Samsung reveals multi-billion dollar tech investment plan

5 stunning stats about Samsung

The Korean tech giant also announced a set of initiatives aimed at building the ecosystem of innovative businesses for the digital economy.

Aside from this focused investment, Samsung will actually be investing a total of $161 billion over the next three years.

KAZINFORM Samsung Group, South Korea's biggest family-controlled conglomerate, said Wednesday that it will invest 180 trillion won (160 billion US dollars) and hire 40,000 more employees for the next three years.

The spending will boost research and expenditure in artificial intelligence, fifth-generation wireless networks, bio-pharmaceuticals, displays, semiconductors and other key programmes over the next three years, according to Samsung Electronics Co, the group's crown jewel.

It is noted that these attachments are part of the three-year investment plan with a total volume of 180 trillion won, aimed at creating new jobs and providing new sources of growth. Samsung said it may hire 40,000 more people, while the investment itself could help create 700,000 new jobs in the country.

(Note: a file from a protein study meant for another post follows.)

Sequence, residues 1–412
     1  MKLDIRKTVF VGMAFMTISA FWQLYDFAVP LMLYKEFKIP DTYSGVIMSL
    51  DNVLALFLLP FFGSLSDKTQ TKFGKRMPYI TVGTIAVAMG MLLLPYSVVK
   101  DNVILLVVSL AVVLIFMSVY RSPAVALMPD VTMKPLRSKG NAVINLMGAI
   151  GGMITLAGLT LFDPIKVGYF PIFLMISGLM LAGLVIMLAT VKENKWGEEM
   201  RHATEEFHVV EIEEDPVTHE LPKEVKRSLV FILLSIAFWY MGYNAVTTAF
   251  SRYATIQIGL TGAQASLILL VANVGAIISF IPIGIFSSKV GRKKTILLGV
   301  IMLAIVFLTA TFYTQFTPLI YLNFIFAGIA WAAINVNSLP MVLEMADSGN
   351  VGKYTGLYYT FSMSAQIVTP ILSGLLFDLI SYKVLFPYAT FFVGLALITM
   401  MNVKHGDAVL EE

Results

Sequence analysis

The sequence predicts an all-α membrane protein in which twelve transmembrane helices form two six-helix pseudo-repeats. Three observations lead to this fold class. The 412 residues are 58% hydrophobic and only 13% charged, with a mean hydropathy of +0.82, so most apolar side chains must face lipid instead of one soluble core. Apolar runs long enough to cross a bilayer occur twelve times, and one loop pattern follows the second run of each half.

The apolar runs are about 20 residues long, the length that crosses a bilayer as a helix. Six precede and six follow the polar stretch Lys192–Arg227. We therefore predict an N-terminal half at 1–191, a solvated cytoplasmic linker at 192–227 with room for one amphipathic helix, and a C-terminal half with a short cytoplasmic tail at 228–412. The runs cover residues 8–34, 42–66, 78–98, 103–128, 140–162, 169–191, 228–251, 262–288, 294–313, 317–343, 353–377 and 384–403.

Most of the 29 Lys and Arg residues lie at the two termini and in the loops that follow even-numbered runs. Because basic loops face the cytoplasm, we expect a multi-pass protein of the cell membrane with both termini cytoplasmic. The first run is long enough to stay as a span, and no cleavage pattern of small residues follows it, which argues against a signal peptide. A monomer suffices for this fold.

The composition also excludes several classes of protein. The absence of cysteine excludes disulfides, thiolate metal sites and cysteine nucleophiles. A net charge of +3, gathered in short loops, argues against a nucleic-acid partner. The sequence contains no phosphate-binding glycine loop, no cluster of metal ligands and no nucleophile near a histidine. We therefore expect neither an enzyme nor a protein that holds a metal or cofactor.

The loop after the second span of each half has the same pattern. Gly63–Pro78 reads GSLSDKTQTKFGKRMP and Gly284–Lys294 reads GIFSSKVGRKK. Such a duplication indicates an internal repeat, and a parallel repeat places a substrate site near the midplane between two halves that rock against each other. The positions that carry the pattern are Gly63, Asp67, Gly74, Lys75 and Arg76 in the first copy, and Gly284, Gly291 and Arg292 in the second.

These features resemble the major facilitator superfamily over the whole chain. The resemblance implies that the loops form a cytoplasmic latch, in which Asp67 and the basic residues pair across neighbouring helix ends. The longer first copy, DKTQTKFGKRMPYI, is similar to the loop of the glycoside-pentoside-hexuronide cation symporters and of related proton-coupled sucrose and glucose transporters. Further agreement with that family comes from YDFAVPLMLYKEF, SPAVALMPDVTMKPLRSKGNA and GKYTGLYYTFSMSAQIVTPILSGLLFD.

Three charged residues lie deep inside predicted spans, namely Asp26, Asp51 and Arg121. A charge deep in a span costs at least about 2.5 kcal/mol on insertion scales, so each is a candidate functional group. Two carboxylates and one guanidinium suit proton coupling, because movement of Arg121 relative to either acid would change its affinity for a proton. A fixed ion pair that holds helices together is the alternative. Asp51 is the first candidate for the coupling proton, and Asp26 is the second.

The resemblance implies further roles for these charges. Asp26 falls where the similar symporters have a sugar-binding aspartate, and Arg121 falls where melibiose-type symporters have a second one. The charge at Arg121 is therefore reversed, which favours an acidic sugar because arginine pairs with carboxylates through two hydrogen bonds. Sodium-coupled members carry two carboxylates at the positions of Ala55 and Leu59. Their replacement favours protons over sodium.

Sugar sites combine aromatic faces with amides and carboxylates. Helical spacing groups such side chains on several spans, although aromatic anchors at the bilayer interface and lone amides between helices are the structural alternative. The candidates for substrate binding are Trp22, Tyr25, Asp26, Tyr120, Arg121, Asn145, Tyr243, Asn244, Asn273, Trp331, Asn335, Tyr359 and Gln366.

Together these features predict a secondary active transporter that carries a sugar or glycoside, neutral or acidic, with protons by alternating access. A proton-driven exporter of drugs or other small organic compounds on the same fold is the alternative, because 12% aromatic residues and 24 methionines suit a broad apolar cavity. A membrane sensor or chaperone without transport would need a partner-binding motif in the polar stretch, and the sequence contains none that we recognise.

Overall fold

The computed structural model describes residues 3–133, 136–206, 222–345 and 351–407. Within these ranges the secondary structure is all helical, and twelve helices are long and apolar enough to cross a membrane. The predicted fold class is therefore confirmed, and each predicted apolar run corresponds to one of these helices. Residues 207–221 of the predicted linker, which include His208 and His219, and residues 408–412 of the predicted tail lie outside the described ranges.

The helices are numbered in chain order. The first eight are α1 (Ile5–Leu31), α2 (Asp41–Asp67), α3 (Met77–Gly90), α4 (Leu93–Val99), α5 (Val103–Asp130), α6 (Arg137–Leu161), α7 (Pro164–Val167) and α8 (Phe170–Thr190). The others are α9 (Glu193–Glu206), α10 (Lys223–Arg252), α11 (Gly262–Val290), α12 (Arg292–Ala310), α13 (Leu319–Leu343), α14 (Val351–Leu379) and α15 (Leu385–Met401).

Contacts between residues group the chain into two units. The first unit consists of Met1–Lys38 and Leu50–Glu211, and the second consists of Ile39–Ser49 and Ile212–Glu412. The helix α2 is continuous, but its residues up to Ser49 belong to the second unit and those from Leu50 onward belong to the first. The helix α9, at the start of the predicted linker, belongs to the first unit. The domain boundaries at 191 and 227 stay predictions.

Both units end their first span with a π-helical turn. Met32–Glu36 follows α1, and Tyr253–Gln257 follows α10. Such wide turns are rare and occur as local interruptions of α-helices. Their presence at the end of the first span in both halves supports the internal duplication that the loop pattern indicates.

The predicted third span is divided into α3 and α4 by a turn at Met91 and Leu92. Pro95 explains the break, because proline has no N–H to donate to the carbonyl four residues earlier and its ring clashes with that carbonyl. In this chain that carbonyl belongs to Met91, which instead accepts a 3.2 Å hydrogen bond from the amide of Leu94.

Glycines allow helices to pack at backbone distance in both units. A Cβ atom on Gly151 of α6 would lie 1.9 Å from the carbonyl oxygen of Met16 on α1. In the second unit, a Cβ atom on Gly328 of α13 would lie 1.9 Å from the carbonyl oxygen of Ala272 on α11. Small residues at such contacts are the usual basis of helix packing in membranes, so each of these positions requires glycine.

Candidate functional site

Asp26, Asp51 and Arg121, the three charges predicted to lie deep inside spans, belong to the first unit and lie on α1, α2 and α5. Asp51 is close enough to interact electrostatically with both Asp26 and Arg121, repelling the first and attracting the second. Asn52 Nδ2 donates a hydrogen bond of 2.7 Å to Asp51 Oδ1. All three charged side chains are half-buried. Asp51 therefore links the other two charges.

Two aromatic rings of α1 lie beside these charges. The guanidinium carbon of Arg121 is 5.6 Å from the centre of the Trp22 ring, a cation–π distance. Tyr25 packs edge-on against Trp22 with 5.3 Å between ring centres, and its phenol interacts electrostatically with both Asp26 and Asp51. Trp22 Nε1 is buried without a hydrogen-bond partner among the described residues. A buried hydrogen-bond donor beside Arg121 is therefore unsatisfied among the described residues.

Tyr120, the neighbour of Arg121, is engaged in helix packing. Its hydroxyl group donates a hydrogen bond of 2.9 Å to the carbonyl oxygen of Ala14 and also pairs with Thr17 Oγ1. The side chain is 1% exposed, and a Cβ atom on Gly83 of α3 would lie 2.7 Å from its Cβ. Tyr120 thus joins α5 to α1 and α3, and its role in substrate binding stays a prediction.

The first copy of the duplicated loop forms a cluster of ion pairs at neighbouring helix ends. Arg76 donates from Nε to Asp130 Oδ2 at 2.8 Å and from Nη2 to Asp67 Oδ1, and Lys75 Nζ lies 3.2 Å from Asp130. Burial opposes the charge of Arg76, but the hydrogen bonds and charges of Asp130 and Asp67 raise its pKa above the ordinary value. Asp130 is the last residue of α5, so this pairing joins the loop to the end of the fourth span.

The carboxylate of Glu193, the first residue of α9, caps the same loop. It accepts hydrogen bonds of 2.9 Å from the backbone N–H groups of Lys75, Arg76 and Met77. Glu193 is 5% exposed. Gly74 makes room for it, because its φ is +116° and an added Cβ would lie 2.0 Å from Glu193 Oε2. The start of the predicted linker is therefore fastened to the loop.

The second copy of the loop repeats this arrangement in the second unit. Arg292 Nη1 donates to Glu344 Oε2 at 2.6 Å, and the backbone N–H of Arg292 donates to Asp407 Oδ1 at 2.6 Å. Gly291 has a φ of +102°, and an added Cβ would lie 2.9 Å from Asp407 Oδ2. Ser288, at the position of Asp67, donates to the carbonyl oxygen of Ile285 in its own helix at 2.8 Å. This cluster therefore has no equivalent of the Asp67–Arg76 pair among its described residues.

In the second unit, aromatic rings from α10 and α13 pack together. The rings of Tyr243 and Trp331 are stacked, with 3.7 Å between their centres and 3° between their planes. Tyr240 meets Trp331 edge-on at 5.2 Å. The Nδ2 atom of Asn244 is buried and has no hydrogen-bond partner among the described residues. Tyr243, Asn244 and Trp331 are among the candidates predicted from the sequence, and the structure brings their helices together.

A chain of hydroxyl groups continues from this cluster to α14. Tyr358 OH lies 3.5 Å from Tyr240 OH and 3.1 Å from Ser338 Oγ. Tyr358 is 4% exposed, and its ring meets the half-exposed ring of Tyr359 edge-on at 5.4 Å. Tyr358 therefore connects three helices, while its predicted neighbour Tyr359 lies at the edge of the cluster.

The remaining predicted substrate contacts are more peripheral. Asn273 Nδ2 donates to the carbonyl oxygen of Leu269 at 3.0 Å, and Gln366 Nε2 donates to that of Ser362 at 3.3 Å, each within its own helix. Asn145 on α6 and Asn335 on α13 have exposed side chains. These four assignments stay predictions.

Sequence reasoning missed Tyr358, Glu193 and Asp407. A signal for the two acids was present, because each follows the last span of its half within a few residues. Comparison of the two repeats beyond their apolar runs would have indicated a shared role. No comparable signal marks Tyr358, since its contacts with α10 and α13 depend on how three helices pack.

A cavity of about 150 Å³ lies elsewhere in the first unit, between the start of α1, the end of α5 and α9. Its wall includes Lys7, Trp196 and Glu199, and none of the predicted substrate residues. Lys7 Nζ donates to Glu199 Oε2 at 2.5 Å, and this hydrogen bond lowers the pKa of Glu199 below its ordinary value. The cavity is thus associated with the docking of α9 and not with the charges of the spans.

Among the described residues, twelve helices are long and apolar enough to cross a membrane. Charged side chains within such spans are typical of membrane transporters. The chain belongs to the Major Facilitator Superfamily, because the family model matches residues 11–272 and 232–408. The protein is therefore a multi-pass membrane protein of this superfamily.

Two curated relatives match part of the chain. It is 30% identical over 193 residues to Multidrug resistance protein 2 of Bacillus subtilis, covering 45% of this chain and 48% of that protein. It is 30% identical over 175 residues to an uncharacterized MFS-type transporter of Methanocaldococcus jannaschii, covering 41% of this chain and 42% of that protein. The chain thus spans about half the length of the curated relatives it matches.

"Samsung's brimming with cash right now", said Kwon Sung-ryul, an analyst at DB Financial Investment in Seoul.

To support start-ups, Samsung will expand its internal venture incubation program, C-Lab, which was introduced in 2012, to support external start-up projects.

Moon pledged to reform outdated practices and abuses in politics and in business and appointed a critic of big conglomerates, known as "chaebols", to lead South Korea's fair-trade commission.

"Samsung has seen strong growth from both its contract manufacturing and biosimilar businesses".

The announcement has had little impact on Samsung's share price but should be welcomed by investors anxious about the lack of strategic direction since the conviction of group heir Jay Lee on bribery charges previous year. "It will continue to invest heavily in the businesses, including developing and manufacturing biosimilars to combat chronic and difficult-to-cure diseases".

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